US economy

Ray Dalio says U.S. reaching an inflection point where the debt problem quickly gets even worse

Bridgewater's Ray Dalio: U.S. nearing 'inflection point' where our debt problem could get even worse

Soaring U.S. government debt is reaching a point where it will begin creating larger problems, Bridgewater Associates founder Ray Dalio said Friday.

The hedge fund titan warned during a CNBC appearance that the need to borrow more and more to cover deficits will exacerbate the political and social problems the country is facing.

“Economically strong means financially strong,” Dalio said on “Squawk Box.” “Financially strong means: do you earn more than you spend? Do you have a good income statement as a country? And do we have a good balance sheet?”

The U.S. is $33.7 trillion in debt, a total that exploded by 45% since the Covid pandemic in early 2020, according to Treasury Department data. Of that total, $26.7 trillion is owed by the public. Last year, the government rang up a $1.7 trillion deficit as it sought to keep up the pace of spending.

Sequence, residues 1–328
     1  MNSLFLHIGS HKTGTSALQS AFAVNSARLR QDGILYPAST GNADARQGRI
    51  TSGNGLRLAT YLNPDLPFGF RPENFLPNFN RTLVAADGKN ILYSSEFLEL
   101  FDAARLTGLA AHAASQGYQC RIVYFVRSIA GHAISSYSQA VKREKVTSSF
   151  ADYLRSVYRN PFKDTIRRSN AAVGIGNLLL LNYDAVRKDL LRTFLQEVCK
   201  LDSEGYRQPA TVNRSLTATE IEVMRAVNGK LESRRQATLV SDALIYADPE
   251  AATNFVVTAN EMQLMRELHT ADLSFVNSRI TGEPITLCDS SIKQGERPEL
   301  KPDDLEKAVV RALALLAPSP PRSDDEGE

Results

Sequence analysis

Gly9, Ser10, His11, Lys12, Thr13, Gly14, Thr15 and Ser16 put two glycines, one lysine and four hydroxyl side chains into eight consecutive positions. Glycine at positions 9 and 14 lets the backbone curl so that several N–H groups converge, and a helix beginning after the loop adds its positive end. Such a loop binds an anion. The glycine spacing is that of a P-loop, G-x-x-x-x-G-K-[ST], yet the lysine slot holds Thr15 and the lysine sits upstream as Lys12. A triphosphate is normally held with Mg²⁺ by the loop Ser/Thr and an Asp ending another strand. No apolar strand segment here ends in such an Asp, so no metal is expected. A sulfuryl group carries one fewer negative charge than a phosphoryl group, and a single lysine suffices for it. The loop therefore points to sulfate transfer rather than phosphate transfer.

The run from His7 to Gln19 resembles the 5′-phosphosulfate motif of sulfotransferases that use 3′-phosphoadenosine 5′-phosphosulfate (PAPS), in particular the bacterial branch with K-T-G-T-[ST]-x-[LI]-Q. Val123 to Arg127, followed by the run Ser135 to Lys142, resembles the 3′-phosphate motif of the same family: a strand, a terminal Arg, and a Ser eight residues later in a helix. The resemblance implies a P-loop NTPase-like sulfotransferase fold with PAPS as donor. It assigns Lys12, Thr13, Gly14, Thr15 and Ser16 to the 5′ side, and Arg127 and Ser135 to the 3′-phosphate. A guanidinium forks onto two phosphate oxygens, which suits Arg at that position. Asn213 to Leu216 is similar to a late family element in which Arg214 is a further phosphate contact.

As the debt built up and the Federal Reserve raised interest rates to try to tamp down inflation, the government spent $659 billion on net interest costs in fiscal 2023 to finance the debt.

Dalio said that is a recipe for trouble.

“The worse that gets, the more we are going to have that long-term problem,” he said. “You can see it in the numbers. It’s just a matter of numbers. We are near that inflection point.”

Along with the basic budget issues, Dalio also cautioned that foreign buyers, who make up about 40% of demand for U.S. Treasurys, have been backing off, creating a supply-demand problem.

Data through January indicates that foreign holdings of U.S. government debt total $7.4 trillion, down $253 billion, or 3.3% over the past year. China in particular has cut its holdings strongly, pulling back 17% during the period.

“You want to keep spending at the same level, there is the need to get more and more into debt. The way that works, it accelerates,” Dalio said. “We are at the point of that acceleration, which creates the supply-demand problem. It’s made worse by the other issues that we’re talking about, the internal political issue, the internal social conflict issue.”

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